Export data is pulled from the International Trade Administration’s TradeStats Express. Of total Seventh District world manufacturing exports, Seventh District sends about 48% to North America (Mexico and Canada), 19% to Europe, 17% to Asia and 7% to South America. For information on the District’s major trading partners by individual nation, see this blog. (Return to text)
March 1, 2012
Seventh District Update
by Norman Wang and Scott Brave
A summary of economic conditions in the Seventh District from the latest release of the Beige Book and from other indicators of regional business activity:
• Overall conditions: Economic activity in the Seventh District continued to expand at a moderate pace in January and early February.
• Consumer spending: Growth in consumer spending slowed in January and early February. Contacts indicated that activity was boosted by clearance sales and also some isolated improvement in the luxury segment. Auto sales were up in January, but down slightly in early February.
• Business Spending: Business spending increased in January and early February and inventories were indicated to be at comfortable levels. Labor market conditions improved, although hiring remained selective.
• Construction and Real Estate: Construction activity was up slightly in January and early February as multi-family construction remained an area of strength and nonresidential construction continued to trend up moderately. Commercial real estate conditions improved with vacancy rates edging lower.
• Manufacturing: Manufacturing production increased further in January and early February. Demand for heavy equipment remained strong and the auto industry also continued to be a source of strength. Manufacturers of specialty metals reported solid order books.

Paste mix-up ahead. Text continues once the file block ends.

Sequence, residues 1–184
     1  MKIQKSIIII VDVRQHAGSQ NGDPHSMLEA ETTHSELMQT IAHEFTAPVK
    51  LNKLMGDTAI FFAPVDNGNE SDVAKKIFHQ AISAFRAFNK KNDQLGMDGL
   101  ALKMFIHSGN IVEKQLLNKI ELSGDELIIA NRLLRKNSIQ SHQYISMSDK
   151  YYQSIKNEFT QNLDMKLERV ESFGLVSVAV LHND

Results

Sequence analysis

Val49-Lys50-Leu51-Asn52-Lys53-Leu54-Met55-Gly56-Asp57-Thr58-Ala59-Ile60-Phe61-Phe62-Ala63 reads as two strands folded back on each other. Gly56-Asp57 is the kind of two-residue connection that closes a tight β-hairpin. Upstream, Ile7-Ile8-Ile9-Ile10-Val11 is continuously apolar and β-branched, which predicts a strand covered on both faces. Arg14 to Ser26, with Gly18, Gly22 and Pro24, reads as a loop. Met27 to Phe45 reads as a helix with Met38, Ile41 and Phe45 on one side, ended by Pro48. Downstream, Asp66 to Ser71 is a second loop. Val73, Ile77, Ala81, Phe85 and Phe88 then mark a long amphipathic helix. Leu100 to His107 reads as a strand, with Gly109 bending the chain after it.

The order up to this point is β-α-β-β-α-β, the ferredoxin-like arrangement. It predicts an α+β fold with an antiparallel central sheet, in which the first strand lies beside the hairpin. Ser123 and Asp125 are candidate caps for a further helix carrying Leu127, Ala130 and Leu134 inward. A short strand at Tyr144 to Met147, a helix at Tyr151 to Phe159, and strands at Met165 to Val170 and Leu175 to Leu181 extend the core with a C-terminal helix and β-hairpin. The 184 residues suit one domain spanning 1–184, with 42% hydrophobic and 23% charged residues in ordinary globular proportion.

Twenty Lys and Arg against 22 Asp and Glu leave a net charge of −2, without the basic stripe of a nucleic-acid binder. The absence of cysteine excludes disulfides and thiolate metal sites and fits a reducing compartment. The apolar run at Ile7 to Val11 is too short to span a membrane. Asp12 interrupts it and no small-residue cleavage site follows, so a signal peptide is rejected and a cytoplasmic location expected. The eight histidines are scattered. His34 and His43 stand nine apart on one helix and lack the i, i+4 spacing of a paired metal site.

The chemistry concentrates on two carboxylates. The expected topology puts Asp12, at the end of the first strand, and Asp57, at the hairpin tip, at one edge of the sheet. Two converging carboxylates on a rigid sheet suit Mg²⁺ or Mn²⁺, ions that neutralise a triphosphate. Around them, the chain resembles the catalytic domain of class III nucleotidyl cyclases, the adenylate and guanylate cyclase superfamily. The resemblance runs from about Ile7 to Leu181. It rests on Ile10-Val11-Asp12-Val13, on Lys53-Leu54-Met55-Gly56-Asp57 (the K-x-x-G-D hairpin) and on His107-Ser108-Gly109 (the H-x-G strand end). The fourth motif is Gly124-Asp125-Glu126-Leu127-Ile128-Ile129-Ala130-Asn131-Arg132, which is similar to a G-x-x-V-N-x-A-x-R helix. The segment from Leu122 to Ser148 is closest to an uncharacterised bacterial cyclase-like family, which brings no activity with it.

• Banking and finance: Credit conditions were slightly improved from the previous reporting period. Financial market volatility declined and risk premia moved lower across a number of asset classes. Banking contacts indicated that loan growth continued at a moderate pace with demand from larger businesses being stronger than that from small to mid-sized companies.
• Prices and Costs: Cost pressures were largely unchanged in January and early February, but the volatility of commodity prices remained a concern for many contacts. Wage pressures continued to be moderate.
• Agriculture: Corn, soybean, wheat, hog, and cattle prices rose during January and early February. Input costs for agriculture continued to increase, led by sharply higher rental rates for cropland.
The Midwest Economy Index (MEI) increased to +0.09 in December from –0.13 in November, rising above its historical trend for the first time in five months. Midwest growth also outperformed its historical deviation with respect to national growth, as the relative MEI increased to +0.31 in December from –0.06 in November.
The Chicago Fed Midwest Manufacturing Index (CFMMI) increased 1.7% in December, to a seasonally adjusted level of 87.4 (2007 = 100). December’s growth was broad-based; all four major industry sectors of the index indicated growth in production activity. Revised data show the index was unchanged in November. The Federal Reserve Board’s industrial production index for manufacturing (IPMFG) increased 1.5% in December. Regional output in December rose 8.4% from a year earlier, and national output increased 4.6%.